Wind River Alliance - Greetings
My name is Jolene Catron and I am the Executive Director for Wind River Alliance. I apologize at not introducing myself to you sooner—I have been spending the past several months getting acquainted with the Wind River Alliance programs and history, and reintroducing myself to the Wind River watershed’s community members and leaders. I am originally from New Mexico, and am an enrolled member of the Navajo Nation. I moved to the Wind River Reservation in 1997, and lived in Arapahoe. After a few years, my daughter, Anjalene, and I relocated to Lander, and we have built a life there, which includes my partner, Clarence and our 3-year-old son. In the past, I have worked as a water rights specialist with the Eastern Shoshone and Northern Arapaho Office of the Tribal Water Engineer, as a team member of the Los Alamos National Laboratory’s Water Research Technical Assistance Office, and am a founding member of two organizations, the Wind River Alliance and the newly formed Indigenous Waters Network.
The Governing Council of Wind River Alliance has a vision of a healthy watershed. What does that mean? John Wesley Powell, scientist geographer said that a watershed is “that area of land, a bounded hydrologic system, within which all living things are inextricably linked by their common water course and where, as humans settled, simple logic demanded that they become part of a community.” Basically, a watershed is an area of land and ALL its communities, as defined by geography not political boundaries, which drains water into a common place. The Wind River Indian Reservation and the surrounding communities are part of the greater Wind River watershed, in that all its water drains into the Big Wind River.
Why is Wind River Alliance advocating for a healthy watershed? Simply put, a community is only as healthy as its water. Water is our first medicine. Depending on your age, water makes up about 70 percent of the human body. Water is life. Take a look around your community and compare it to your water (drinking water included). What do you see? Are your waterways filled with trash? Are your neighborhoods filled with trash? Do the water levels drop so severely in the summer that the water is unfit to swim in due to high bacterial levels? Do you have to buy your drinking water? How does your community reflect the health of your water? How well do we share water? These are all issues of which Wind River Alliance is concerned.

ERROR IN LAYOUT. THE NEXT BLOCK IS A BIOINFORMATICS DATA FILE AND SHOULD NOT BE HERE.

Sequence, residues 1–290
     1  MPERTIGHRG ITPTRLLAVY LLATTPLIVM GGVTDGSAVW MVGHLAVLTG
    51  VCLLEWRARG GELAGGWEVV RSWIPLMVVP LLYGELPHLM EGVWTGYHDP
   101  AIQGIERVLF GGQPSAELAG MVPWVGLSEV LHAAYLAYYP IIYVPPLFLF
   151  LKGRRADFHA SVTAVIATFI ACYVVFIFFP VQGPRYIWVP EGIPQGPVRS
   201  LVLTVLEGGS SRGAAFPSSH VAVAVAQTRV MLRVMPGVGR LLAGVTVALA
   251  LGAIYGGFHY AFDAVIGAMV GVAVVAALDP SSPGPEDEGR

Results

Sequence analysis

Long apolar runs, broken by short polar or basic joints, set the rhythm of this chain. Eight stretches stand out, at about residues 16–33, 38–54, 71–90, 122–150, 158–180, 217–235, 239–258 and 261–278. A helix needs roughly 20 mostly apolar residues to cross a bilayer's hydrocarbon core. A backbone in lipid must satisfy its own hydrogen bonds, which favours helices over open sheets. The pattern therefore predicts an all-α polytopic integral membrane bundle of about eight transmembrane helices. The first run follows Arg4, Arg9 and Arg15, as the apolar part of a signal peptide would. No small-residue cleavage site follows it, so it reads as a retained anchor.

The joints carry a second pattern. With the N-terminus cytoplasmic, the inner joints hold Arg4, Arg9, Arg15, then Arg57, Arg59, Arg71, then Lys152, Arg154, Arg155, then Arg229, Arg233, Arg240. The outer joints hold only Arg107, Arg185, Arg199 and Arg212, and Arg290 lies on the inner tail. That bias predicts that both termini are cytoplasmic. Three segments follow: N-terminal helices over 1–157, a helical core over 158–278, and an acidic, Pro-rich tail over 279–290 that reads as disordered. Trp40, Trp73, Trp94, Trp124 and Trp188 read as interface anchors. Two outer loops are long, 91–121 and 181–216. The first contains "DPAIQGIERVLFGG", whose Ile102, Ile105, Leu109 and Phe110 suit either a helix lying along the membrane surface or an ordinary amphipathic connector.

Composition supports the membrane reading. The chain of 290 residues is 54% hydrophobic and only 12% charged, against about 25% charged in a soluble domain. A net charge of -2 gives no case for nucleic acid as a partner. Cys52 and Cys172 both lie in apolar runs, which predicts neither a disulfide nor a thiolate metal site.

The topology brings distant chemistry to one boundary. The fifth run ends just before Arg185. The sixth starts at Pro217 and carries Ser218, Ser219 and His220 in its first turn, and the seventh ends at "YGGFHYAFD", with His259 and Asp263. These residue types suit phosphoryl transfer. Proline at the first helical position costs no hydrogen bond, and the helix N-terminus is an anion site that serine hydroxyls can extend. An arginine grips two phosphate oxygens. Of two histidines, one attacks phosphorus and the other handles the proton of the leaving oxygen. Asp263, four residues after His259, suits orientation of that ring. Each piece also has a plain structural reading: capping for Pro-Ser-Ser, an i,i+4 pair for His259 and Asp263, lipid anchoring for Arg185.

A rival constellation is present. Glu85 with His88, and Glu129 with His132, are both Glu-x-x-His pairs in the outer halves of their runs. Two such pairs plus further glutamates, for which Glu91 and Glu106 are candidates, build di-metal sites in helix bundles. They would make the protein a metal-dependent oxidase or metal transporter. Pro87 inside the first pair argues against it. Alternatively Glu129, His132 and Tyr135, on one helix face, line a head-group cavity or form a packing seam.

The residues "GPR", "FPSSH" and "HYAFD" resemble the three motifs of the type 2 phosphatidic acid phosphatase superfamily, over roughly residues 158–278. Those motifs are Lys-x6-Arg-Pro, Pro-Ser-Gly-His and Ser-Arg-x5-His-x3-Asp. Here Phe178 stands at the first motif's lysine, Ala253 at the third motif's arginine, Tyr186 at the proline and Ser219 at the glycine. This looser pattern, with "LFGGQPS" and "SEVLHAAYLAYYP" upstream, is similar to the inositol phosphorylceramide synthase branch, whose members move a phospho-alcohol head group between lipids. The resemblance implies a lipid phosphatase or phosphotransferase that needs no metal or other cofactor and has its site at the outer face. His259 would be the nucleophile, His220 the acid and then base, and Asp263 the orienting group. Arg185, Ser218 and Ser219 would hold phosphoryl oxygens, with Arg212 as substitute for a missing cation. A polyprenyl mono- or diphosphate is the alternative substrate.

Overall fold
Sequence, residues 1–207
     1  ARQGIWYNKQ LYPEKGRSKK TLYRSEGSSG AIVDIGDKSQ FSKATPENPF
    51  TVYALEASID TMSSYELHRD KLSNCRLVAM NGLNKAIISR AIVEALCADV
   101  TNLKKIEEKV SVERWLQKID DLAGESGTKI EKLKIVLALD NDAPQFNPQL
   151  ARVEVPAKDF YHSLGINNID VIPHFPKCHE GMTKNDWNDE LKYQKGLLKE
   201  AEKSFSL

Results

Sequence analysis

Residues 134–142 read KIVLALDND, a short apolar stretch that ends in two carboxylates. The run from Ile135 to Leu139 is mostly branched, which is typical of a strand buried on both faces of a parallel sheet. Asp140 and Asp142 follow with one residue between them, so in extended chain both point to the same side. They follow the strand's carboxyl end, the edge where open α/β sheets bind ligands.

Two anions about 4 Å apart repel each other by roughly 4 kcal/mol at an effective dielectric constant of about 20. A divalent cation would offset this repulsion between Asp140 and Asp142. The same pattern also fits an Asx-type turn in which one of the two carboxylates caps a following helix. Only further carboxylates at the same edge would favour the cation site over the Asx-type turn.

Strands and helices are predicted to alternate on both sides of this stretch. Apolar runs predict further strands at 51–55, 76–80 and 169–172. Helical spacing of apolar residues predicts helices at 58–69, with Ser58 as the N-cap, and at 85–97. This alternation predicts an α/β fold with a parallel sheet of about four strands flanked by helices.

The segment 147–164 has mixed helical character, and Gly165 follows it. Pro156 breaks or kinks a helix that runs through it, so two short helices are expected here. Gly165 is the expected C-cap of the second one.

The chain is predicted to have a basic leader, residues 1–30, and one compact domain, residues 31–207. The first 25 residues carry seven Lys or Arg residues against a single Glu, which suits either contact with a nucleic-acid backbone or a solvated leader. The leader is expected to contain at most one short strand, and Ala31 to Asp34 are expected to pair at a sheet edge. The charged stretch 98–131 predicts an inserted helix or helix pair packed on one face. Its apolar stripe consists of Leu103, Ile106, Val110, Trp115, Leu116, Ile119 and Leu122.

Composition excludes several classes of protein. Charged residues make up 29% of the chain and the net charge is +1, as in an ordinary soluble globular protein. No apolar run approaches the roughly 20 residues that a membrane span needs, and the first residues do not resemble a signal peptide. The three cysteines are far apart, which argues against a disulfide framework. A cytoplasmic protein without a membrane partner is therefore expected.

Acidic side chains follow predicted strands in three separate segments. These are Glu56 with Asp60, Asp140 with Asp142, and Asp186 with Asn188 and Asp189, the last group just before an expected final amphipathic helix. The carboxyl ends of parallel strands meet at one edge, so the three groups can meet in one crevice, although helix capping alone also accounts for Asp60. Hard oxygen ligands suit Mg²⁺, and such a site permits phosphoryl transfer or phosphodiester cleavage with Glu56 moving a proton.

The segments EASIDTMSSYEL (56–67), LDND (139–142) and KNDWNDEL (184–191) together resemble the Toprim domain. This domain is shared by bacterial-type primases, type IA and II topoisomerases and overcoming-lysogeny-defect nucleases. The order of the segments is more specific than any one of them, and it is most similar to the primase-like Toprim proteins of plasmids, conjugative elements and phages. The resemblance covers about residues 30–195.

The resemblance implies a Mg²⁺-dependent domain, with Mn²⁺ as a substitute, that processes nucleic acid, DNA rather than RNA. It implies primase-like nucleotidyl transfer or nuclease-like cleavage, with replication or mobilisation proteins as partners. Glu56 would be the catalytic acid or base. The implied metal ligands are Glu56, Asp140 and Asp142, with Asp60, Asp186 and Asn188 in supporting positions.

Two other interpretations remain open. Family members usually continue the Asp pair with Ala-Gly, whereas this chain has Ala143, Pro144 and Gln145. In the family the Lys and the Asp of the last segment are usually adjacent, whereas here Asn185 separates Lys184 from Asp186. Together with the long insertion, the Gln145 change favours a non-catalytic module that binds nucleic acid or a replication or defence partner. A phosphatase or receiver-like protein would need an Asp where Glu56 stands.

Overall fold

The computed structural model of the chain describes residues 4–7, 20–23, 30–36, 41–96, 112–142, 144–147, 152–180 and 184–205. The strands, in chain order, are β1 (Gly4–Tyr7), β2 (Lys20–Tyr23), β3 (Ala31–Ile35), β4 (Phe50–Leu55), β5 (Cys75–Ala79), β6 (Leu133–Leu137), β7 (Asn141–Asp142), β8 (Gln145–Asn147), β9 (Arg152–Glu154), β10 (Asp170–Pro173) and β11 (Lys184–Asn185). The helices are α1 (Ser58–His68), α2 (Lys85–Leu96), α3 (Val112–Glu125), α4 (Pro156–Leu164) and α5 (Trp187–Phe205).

I am honored to have taken over the helm of Wind River Alliance. I was fortunate to be a part of a core group of people who met in December 2000 and visioned a future for Wind River Alliance. In the beginning our focus was and has always been to involve youth in the work we do. I have been busy ensuring that I steer WRA in this direction. For the past 4 years, Wind River Alliance has been involved in a week-long youth leadership camp every summer that focuses on water resources. With the leadership from members of the Young Warriors Society, we have taken youth from the Reservation and camped in teepees in various areas around the Reservation. The camp incorporates tradition and cultural history to enrich the students’ learning and underscore the cultural and scientific interrelationships of water, land, plants, animals, earth and sky. I am looking at ways in which we can expand the focus of the week-long camp to include a year-round outreach to the community, and build alliances within other educational entities that include watershed science as part of their curriculum (this will also ensure a more integrated, well-rounded watershed education for our youth).
This next year brings many challenges to the health of the Wind River watershed and to the Wind River Alliance. We are concerned about the incoming effects of coalbed methane production on reservation and surrounding lands, we are paying attention to National Environmental Policy Act (NEPA) public participation opportunities in order to provide comments towards actions being taken that affect our natural environment, we are looking at ways in which we can effectively disseminate technical information gathered in the production of an Environmental Protection Agency-funded report, focused on Community Health and Water Data. We are looking at the challenges from global climate change, and drought. Most importantly, we are looking at ways in which Wind River Alliance can promote a healthy Wind River watershed, and by that, assist in restoring health and justice to our communities.
Won’t you consider a monetary donation to the Wind River Alliance? Our organization is a 501(c)3, charitable organization, which means that your donation is tax exempt. The Wind River Alliance is a membership organization (membership is free!); we are funded by generous donations from our membership and grant and foundation support.
Our office is located upstairs in the Wind River Tribal College, in Ethete, Wyoming. My door is always open, so please drop on by for a visit. On behalf of the Governing Council of Wind River Alliance, I thank you for your interest and support in making the Wind River watershed a healthy community.
Jolene M. Catron